affiliated more or less closely with the great trading houses which sent goods from Rouen or Rochelle." quoth La Hontan. about the beginning of May. the vessels were met by the merchants of the town and by those who had come from Three Rivers and Montreal. These men were. Lawrence with general cargoes consisting of goods for the colonists themselves and for the Indians. Trade at Quebec. the historian finds that there is one word which sums up the chief cause of the colony's economic weakness. these were either loaded with timber or furs and set off directly home again. As far as the forest trade was concerned. the regulation was. It was as omnipresent and its ways were as inscrutable. of course. absurd. the first ships left France for the St. in turn. For a fortnight lively trading took place. was actually in the hands of a few merchants who had large warehouses and who took the greater part of what the ships brought in." The Administration tried to take the place of Providence. industry. The monopolists made large profits. so the King and his officials felt it their duty to chasten every show of private initiative which did not direct itself along the grooves that they had marked out for the colony to follow. so that the monopoly was nearly as ironclad as when commercial companies were in control. As for the vessels which had come from France. where the refining of sugar occasioned a demand for fuel." Glancing over the whole course of agriculture. and commerce in New France from the time when Champlain built his little post at the foot of Cape Diamond until the day when the fleur-de-lis fluttered down from the heights above. or else they departed light to Cape Breton and took cargoes of coal for the French West Indies. as well as large quantities of brandy. The last ships left in November. and many of them. while technically open to any one who would pay the duties and observe the regulations as to rates of profit. and for seven months the colony was cut off from Europe.whenever they saw an opportunity which was not likely to be discovered. went home to France. When they arrived at Quebec. Like as a father chasteneth his children. "I have known twenty of these pedlars. That word is "paternalism. "that had not above a thousand crowns stock when I arrived at Quebec in the year 1683 and when I left that place had got to the tune of twelve thousand crowns. By trying to order everything they eventually succeeded in ordering nothing aright. . as happened occasionally. Then the goods which had been bought by the merchants of Montreal and Three Rivers were loaded upon small barques and brought to these towns to be in readiness for the annual fairs when the coureurs-de-bois and their Indians came down to trade in the late summer. When an outsider broke into the charmed circle. there was usually some way of hustling him out again by means either fair or foul. after they had accumulated a fortune. Every year.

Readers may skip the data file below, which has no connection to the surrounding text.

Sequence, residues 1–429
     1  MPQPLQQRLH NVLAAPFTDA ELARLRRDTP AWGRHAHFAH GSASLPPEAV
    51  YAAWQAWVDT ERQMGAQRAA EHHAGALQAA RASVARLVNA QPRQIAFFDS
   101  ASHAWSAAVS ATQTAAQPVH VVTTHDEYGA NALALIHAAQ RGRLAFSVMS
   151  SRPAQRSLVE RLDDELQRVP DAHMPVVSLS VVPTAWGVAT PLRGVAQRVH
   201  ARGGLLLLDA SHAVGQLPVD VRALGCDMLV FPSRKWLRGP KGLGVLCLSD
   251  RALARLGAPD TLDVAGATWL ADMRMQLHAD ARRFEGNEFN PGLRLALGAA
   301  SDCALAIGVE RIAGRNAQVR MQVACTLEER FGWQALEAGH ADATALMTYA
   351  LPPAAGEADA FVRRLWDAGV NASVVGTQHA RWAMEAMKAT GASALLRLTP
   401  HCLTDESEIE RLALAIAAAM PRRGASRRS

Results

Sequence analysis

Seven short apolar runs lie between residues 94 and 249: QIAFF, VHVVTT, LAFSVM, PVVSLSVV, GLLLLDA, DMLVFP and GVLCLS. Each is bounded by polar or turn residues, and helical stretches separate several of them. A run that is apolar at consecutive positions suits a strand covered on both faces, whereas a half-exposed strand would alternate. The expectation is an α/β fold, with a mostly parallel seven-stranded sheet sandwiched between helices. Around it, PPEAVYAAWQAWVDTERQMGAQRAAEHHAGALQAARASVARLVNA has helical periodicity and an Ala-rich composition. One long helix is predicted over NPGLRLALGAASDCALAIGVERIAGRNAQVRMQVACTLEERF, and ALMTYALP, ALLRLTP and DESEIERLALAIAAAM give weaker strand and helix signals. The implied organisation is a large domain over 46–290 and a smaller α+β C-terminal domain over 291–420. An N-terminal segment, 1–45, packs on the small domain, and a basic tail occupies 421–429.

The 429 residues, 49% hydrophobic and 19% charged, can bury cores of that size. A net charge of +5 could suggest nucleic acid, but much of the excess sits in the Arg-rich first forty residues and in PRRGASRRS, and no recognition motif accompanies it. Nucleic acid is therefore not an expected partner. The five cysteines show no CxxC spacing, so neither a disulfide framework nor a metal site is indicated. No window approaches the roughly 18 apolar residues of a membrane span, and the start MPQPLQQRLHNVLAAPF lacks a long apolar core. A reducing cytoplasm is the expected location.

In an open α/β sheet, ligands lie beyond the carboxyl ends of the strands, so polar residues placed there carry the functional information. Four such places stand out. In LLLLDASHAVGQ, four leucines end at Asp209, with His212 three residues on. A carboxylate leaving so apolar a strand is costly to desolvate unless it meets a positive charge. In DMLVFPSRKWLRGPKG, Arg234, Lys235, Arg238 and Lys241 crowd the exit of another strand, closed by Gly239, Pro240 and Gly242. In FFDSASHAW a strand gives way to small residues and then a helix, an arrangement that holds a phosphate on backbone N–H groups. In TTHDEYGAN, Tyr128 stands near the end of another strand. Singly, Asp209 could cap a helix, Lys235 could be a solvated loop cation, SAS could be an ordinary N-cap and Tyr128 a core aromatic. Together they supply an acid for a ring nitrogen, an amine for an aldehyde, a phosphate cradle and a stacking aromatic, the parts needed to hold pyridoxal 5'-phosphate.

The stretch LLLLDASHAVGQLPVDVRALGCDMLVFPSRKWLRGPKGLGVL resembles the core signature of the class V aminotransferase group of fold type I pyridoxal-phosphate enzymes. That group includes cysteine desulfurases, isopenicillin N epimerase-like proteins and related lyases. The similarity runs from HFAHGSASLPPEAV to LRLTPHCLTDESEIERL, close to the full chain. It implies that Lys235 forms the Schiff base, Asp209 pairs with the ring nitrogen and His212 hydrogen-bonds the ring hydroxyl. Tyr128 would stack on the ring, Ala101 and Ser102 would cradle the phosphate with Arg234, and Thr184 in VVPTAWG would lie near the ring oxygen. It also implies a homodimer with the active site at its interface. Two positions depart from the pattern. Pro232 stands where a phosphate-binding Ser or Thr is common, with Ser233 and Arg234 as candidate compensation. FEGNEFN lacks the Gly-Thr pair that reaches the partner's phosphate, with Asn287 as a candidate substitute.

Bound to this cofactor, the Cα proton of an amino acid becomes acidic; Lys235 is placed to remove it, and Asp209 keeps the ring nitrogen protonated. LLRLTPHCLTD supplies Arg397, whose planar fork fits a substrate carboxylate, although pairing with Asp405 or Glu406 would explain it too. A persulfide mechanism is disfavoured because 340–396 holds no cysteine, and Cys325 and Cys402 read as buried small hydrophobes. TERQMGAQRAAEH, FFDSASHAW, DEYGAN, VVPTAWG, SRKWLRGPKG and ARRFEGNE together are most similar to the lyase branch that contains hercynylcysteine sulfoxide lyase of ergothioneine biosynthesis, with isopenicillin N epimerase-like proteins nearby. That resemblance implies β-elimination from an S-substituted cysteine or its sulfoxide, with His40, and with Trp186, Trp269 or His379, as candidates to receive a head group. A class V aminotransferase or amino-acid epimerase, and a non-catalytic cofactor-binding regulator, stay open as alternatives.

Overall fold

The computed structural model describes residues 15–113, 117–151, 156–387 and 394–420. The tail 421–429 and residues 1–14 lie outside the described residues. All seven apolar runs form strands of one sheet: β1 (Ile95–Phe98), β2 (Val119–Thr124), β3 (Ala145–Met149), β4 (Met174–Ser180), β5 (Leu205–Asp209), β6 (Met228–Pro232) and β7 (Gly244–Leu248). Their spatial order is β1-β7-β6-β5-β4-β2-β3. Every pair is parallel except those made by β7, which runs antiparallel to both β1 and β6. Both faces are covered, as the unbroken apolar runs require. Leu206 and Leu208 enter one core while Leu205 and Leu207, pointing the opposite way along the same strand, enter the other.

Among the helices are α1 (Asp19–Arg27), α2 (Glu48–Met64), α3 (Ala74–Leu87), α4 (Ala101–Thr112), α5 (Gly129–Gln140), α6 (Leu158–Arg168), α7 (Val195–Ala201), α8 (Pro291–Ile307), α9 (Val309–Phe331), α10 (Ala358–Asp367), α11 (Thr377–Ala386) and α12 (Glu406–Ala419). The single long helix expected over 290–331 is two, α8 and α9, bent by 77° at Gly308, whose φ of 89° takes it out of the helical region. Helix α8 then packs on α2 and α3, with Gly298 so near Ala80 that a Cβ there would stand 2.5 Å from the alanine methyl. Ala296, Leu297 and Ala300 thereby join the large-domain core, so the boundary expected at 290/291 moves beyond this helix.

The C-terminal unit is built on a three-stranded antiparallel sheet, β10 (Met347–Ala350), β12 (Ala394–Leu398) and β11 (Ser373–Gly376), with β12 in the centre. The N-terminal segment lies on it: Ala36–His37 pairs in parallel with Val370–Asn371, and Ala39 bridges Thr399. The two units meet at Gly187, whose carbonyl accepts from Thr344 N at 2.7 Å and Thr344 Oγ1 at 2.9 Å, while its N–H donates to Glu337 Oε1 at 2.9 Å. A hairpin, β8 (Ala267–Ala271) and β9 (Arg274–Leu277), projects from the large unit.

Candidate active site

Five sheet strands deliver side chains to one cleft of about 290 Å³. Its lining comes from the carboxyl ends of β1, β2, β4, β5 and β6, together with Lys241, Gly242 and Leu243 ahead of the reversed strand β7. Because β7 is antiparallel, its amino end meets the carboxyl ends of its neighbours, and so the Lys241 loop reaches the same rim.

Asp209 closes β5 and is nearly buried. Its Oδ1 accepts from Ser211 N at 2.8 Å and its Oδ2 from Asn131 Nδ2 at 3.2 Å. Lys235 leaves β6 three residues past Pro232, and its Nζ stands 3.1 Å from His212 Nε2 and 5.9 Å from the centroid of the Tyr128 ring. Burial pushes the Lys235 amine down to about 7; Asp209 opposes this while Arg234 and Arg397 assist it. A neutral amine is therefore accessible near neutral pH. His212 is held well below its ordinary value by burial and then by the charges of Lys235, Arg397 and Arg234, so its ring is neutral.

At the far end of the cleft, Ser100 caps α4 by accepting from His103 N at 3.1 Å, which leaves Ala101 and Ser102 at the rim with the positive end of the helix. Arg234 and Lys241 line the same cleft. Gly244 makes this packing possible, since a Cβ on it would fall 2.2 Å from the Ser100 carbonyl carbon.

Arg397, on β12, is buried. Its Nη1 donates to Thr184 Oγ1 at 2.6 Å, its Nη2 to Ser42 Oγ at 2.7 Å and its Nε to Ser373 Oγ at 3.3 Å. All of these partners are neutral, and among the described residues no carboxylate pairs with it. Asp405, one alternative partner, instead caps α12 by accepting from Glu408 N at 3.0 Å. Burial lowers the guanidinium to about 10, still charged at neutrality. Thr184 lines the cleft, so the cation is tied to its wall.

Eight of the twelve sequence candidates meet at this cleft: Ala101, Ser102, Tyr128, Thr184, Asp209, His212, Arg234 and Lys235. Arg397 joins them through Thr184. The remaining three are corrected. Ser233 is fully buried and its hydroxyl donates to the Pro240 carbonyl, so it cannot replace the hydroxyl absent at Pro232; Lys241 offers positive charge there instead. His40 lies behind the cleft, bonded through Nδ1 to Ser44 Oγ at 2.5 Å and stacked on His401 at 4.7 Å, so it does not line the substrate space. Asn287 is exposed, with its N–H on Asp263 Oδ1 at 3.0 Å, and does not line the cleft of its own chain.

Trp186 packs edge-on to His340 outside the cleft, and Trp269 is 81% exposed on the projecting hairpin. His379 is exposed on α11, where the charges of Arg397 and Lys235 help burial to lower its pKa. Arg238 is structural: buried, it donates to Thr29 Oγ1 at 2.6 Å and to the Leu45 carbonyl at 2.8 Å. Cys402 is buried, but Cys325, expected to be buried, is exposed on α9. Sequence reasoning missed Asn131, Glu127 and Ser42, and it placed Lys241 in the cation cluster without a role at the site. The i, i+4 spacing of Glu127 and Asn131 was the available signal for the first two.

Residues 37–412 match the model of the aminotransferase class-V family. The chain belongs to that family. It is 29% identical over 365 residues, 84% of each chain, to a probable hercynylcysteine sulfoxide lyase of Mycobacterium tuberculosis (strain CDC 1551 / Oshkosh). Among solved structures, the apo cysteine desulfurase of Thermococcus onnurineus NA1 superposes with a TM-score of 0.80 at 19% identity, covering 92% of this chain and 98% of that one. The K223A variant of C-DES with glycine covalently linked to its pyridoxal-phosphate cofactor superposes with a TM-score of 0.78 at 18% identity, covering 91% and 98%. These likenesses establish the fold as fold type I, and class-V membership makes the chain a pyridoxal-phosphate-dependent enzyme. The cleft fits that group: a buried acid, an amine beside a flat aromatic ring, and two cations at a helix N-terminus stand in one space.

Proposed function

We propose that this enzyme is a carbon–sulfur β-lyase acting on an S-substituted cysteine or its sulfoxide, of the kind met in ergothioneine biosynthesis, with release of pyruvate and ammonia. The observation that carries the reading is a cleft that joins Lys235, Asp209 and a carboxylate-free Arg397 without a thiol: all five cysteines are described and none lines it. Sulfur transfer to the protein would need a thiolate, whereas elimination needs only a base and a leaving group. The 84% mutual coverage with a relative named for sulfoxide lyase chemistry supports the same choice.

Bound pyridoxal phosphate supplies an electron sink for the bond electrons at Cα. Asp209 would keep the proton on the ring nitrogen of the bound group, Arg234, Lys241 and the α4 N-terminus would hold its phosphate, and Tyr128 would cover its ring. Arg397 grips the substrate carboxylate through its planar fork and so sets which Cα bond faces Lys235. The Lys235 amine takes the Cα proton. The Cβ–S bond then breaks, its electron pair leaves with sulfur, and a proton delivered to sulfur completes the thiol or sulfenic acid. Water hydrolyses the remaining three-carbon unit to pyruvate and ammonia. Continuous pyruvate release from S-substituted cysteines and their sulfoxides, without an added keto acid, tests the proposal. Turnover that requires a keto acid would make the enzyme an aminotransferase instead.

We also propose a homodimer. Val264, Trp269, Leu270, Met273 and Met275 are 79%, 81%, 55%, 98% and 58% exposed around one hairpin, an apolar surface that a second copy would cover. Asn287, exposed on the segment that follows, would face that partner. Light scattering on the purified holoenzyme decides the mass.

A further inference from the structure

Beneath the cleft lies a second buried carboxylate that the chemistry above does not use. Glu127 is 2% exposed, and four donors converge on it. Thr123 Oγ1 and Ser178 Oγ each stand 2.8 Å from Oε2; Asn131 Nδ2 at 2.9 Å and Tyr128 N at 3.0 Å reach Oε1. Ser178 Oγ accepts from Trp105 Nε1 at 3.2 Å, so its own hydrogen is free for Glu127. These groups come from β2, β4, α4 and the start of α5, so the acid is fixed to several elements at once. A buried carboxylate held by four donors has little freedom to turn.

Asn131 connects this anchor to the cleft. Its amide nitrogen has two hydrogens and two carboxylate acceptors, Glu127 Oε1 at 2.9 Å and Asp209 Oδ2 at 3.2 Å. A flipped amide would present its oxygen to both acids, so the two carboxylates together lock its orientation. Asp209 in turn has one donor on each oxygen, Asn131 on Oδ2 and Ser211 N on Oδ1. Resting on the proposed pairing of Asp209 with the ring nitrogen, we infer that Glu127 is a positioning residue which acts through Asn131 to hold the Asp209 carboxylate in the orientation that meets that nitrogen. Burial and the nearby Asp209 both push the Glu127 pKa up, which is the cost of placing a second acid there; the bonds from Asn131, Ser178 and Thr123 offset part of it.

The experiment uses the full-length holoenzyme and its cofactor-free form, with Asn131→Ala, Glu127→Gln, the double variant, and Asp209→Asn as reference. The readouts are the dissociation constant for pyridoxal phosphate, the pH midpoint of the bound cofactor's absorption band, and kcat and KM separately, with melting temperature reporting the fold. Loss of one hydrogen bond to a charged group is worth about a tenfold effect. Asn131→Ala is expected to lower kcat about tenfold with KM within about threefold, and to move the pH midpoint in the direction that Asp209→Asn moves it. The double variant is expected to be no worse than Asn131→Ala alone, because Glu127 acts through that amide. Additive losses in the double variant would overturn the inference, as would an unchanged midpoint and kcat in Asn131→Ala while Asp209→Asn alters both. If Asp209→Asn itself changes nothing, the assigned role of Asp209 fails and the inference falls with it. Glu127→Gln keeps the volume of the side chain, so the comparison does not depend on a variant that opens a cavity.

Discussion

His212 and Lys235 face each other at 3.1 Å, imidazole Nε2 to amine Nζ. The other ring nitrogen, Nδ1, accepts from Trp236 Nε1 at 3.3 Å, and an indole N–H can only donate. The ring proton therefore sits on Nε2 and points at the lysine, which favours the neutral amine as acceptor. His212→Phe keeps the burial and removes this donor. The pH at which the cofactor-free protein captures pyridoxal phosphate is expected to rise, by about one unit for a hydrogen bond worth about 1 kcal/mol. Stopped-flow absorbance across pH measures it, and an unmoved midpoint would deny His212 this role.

a social solidarity. the seigneurs. the intrigues. In the colony this was very far from being the case. who were shut off from all intercourse with Europe for many months at a time. The knight-errant La Hontan speaks enthusiastically of the events in the life of this miniature society. Some colonial officials and a few of the seigneurs were among the numerous noblesse of France before they came. and a feeling of universal comradeship among them which was altogether lacking at home. soon learned the art of providing for their own recreation and amusement. Quebec. Even among the seigneurs the great majority of these landed gentlemen came from the ranks of the people. a spirit of fraternity. all of which . Its people. the seat of the governor and of the council. and they of course retained their social rank in the new environment. the leading merchants. the officers of the garrison. The pivot of social life in New France was the settlement at Quebec. from all accounts. Some of the most successful figures in the public and business affairs of New France. were always drawn from the nobility. In France of the sixteenth and seventeenth centuries the chief officials of state. was lively in the long winters. the salons and receptions. even if taken all together. the pomp and glamor of Versailles. This. and flirtations. Others were raised to this rank by the King. But. some of the social leaders. but the boundaries between different elements of the population were not rigid. indeed. the only town in the colony large enough to have all the trappings and tinsel of a well-rounded social set. came some of the seigneurs to spend the winter months. there were no privileges based upon the laws of the land. too. and not one in ten was a member of the noblesse. Men could rise by their own efforts or come down through their own defaults. these men constituted a very small proportion of the people in New France. even if somewhat faintly. some of those who attained the highest rank in the noblesse. There were social distinctions in Canada. even the officers of the army and the marine. There was.CHAPTER XI HOW THE PEOPLE LIVED In New France there were no privileged orders. was the most marked difference between the social organization of the home land and that of the colony. The royal officials. Here. the judges. This was the colonial capital. usually for distinguished services in the colony and on the recommendation of the governor or the intendant. rivalries. the higher ecclesiastics. and no impenetrable barrier separated one class from another. the notaries and a few other professional men—these with their families made up an élite which managed to echo. therefore. of the dinners and dances. to be sure. came of relatively humble parentage. their places in the community were not determined for them by the accident of birth as was the case in the older land.